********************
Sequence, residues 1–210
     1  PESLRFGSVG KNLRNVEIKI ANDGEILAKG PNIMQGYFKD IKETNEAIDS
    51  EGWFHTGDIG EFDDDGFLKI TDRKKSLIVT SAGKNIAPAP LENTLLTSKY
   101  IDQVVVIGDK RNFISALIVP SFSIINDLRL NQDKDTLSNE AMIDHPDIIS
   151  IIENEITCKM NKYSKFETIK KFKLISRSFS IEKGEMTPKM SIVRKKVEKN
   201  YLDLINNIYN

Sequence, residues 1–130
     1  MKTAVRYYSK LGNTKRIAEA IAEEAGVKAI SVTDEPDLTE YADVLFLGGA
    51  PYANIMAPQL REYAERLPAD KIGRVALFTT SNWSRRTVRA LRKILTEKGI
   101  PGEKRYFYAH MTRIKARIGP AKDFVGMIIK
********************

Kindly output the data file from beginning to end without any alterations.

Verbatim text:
Sequence, residues 1–210
     1  PESLRFGSVG KNLRNVEIKI ANDGEILAKG PNIMQGYFKD IKETNEAIDS
    51  EGWFHTGDIG EFDDDGFLKI TDRKKSLIVT SAGKNIAPAP LENTLLTSKY
   101  IDQVVVIGDK RNFISALIVP SFSIINDLRL NQDKDTLSNE AMIDHPDIIS
   151  IIENEITCKM NKYSKFETIK KFKLISRSFS IEKGEMTPKM SIVRKKVEKN
   201  YLDLINNIYN

Sequence, residues 1–130
     1  MKTAVRYYSK LGNTKRIAEA IAEEAGVKAI SVTDEPDLTE YADVLFLGGA
    51  PYANIMAPQL REYAERLPAD KIGRVALFTT SNWSRRTVRA LRKILTEKGI
   101  PGEKRYFYAH MTRIKARIGP AKDFVGMIIK